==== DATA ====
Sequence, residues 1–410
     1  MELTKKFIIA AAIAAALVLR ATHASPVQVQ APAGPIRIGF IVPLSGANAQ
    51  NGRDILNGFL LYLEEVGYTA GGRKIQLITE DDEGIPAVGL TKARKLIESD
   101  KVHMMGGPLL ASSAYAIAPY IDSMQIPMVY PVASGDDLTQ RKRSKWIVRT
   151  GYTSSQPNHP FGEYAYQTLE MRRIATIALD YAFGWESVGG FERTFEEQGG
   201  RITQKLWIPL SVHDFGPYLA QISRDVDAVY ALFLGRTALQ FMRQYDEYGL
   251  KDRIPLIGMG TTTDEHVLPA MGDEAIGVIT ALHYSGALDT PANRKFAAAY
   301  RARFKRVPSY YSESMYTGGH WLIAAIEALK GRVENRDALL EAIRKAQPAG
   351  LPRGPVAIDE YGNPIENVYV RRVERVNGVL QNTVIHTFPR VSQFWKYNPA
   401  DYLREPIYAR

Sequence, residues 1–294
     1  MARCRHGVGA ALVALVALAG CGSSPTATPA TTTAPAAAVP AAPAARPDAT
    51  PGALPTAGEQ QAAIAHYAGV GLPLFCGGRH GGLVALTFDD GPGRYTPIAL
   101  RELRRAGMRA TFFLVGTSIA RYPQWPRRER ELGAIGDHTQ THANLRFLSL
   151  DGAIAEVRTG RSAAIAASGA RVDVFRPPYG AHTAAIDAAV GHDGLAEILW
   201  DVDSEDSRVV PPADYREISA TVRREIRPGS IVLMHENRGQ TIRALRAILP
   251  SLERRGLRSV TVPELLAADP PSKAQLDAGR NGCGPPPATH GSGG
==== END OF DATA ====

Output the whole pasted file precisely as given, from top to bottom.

Sequence, residues 1–410
     1  MELTKKFIIA AAIAAALVLR ATHASPVQVQ APAGPIRIGF IVPLSGANAQ
    51  NGRDILNGFL LYLEEVGYTA GGRKIQLITE DDEGIPAVGL TKARKLIESD
   101  KVHMMGGPLL ASSAYAIAPY IDSMQIPMVY PVASGDDLTQ RKRSKWIVRT
   151  GYTSSQPNHP FGEYAYQTLE MRRIATIALD YAFGWESVGG FERTFEEQGG
   201  RITQKLWIPL SVHDFGPYLA QISRDVDAVY ALFLGRTALQ FMRQYDEYGL
   251  KDRIPLIGMG TTTDEHVLPA MGDEAIGVIT ALHYSGALDT PANRKFAAAY
   301  RARFKRVPSY YSESMYTGGH WLIAAIEALK GRVENRDALL EAIRKAQPAG
   351  LPRGPVAIDE YGNPIENVYV RRVERVNGVL QNTVIHTFPR VSQFWKYNPA
   401  DYLREPIYAR

Sequence, residues 1–294
     1  MARCRHGVGA ALVALVALAG CGSSPTATPA TTTAPAAAVP AAPAARPDAT
    51  PGALPTAGEQ QAAIAHYAGV GLPLFCGGRH GGLVALTFDD GPGRYTPIAL
   101  RELRRAGMRA TFFLVGTSIA RYPQWPRRER ELGAIGDHTQ THANLRFLSL
   151  DGAIAEVRTG RSAAIAASGA RVDVFRPPYG AHTAAIDAAV GHDGLAEILW
   201  DVDSEDSRVV PPADYREISA TVRREIRPGS IVLMHENRGQ TIRALRAILP
   251  SLERRGLRSV TVPELLAADP PSKAQLDAGR NGCGPPPATH GSGG